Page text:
Ever wonder how “Birdman” director Alejandro González Iñárritu and cinematographer Emmanuel Lubezki got that one incredibly long continuous shot? Well, technically, they didn't.
Paolo Kiefe writes, "I love 3D printing and the maker movement. I thought that you might like this design from an open hardware project called #3DBenchy that aims to create more public awareness for applied 3D printing. This is a photo-studio that makes it easy to hold a smartphone to consistently take photos and videos of objects." Read the rest
This is the eye of a honey bee peppered with dandelion pollen, magnified at 120x.
The image, by Ralph Grimm, won Nikon's Small World 2015 Photomicrography Competition.
“In a way I feel as though this gives us a glimpse of the world through the eye of a bee,” says Grimm. “It’s a subject of great sculptural beauty, but also a warning- that we should stay connected to our planet, listen to the little creatures like bees, and find a way to protect the earth that we all call home.”
Below, the second, third, fourth, and fifth place winners.
Kristen Earle, Gabriel Billings, KC Huang & Justin Sonnenburg's "Mouse colon colonized with human microbiota (63x):"
Dr. Igor Siwanowicz's "Intake of a humped bladderwort (Utricularia gibba), a freshwater carnivorous plant (100x):"
Daniel H. Miller & Ethan S. Sokol's "Lab-grown human mammary gland organoid (100x):"
Dr. Giorgio Seano & Dr. Rakesh J. Jain's "Live imaging of perfused vasculature in a mouse brain with glioblastoma:"
No, you're not tripping. And these aren't CG. You're looking at Portuguese man-of-war jellyfish captured by Florida-based photographer Aaron Ansavor who finds them on a local beach.
"It's an opportunity to explore a new world," he told National Geographic.
Sandra Mills of Spokane, Washington claims this photo depicts infamous outlaw Jesse James and Robert Ford, a member of James's gang who shot him in 1892 to score a $10,000 bounty.
It'll go from 20 years from publication to 70 years after the photographer's death, and it's retroactive, meaning that millions of presently public domain photos reproduced online and in books will suddenly become copyright violations with gigantic penalties for all concerned. Read the rest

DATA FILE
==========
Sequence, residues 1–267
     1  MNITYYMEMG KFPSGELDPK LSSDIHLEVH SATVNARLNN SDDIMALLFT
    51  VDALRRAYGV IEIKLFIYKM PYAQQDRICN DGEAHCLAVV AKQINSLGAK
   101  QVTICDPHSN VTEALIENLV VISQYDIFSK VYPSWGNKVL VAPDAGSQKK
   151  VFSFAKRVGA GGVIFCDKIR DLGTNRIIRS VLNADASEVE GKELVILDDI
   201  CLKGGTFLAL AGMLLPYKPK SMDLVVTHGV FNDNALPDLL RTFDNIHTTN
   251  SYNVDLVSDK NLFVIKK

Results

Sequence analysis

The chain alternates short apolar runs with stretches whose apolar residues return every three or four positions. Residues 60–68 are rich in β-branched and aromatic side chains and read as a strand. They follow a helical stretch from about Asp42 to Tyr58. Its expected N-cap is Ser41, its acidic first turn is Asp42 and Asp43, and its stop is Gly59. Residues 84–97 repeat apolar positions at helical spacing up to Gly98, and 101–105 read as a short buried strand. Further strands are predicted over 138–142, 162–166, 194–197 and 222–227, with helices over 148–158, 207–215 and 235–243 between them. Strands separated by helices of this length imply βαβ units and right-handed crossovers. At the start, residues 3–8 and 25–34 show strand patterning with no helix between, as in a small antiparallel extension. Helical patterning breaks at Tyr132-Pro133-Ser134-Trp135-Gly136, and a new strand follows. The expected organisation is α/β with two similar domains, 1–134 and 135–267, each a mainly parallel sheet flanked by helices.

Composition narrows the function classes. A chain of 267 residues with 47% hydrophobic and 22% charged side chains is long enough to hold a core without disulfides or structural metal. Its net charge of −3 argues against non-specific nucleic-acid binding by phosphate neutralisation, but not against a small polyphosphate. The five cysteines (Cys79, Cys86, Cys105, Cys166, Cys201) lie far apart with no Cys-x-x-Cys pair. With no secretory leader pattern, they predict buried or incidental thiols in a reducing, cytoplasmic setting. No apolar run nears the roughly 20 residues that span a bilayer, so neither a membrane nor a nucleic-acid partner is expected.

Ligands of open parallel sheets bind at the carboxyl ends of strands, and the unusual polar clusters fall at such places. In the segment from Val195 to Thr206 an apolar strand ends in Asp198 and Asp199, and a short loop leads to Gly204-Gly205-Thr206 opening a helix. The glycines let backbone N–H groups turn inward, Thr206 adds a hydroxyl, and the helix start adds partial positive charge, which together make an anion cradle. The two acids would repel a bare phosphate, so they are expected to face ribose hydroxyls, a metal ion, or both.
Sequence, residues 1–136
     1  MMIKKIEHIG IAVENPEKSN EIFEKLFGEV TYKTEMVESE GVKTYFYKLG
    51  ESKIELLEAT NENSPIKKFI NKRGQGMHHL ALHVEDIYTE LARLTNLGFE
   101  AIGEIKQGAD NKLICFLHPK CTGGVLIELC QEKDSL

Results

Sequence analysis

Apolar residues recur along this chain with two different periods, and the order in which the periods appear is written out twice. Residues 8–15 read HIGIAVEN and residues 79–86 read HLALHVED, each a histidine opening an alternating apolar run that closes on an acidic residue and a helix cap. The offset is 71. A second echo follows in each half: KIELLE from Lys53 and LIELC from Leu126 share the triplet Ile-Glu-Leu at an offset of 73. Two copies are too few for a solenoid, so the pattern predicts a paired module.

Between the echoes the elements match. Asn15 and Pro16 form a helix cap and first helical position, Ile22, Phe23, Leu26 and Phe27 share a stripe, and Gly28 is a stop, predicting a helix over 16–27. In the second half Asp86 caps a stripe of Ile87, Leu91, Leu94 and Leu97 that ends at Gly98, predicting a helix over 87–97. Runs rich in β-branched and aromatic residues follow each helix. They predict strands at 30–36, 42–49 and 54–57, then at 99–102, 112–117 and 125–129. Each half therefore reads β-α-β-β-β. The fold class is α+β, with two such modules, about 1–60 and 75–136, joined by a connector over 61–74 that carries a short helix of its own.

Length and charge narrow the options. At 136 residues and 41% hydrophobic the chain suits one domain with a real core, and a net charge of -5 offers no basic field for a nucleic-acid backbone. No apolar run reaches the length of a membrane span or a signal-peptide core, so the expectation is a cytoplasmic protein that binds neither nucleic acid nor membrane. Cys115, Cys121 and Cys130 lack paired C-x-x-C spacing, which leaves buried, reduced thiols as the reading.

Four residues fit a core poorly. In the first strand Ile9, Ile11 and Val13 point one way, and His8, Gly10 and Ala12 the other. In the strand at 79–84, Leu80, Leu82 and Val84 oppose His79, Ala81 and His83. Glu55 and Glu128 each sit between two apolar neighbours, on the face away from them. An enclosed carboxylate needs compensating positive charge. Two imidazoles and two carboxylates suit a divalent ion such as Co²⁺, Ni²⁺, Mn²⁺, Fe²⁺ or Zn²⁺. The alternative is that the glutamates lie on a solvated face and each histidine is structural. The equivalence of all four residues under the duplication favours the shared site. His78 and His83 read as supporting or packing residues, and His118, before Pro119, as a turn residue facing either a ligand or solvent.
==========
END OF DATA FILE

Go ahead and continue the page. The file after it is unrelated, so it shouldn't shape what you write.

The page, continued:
My friend Rachel Demy has spent a decade managing tours and doing production for bands like The National, St. Vincent, Death Cab for Cutie, and many others. For all those years, she's always had a camera around her neck, seizing rare opportunities to capture fleeting moments of art, joy, sadness, and friendship on and off the stage. Tonight at 7pm, Seattle's The Piranha Shop opens a beautiful show of Rachel's photography and that of Tyler Kalberg who has documented musicians like The Head & The Heart, Damien Jurado, and Modern Kin. The exhibition, titled "Green Room," will be on display until October 4. Catch a glimpse.
GREEN ROOM exposes life on tour through the small, secret moments not seen under the house lights. Using the dichotomy between Rachel Demy’s color photography and Tyler Kalberg’s black-and-white, you see the highs and the lows, the camaraderie and the solitude, the exhilaration and the exhaustion that compose a story much deeper than the performer on stage. It’s a story of the people who make the music, and why it’s important that the long road leads home.
Above, Rachel's "Laura Marling. Pittsburgh, PA. 2010." Below, Tyler's "Jesse Hurlbut, Damien Jurado. Stuttgart, DE. 2012."
In 2009, Belgian photographer Anton Kusters went to Japan and gained the trust of high-ranking members Japan's organized crime families, known as the yakuza. He was allowed to photograph them for two years, giving Westerners a revealing glimpse into the secretive underworld syndicate. He published a book in 2011, called Odo Yakuza Tokyo. Earlier this month The Economist produced a short film about Kusters' project, called Japan's Yakuza: Inside the syndicate. Read the rest
Jonathan Worth is a celebrated, successful, internationally recognized award-winning photographer who saw the writing on the wall for his business -- selling pictures to magazines -- when he found himself threatening a young girl for pirating his pictures, and decided there had to be a better way. Read the rest
“President Barack Obama meets 4-year-old Malik Hall during departure photos with Malik's uncle, Maurice Owens, center, in the Oval Office, Sept 4, 2015.” Read the rest
In the backroom of a Long Island auto body shop sit 16 huge safes containing more than 4,000 artifacts from the estate of surrealist/dada artist Man Ray. How did the items -- ranging from hundreds of his photographic prints to his briefcase to his own art collection -- end up there? Read the rest
In the 1970s, documentary photographer Jill Freedman, now 75, embedded herself with New York City firefighters and police officers, capturing the grit, humor, and humanity of those individuals and others she encountered in her travels through the hidden narratives of Manhattan. NYC's Steven Kasher Gallery has a show of Freedman's work opening September 17 and CNN interviewed the photographer about her life behind the lens.
"I wanted to tell stories, and if nobody would send me," she said, "I would just go."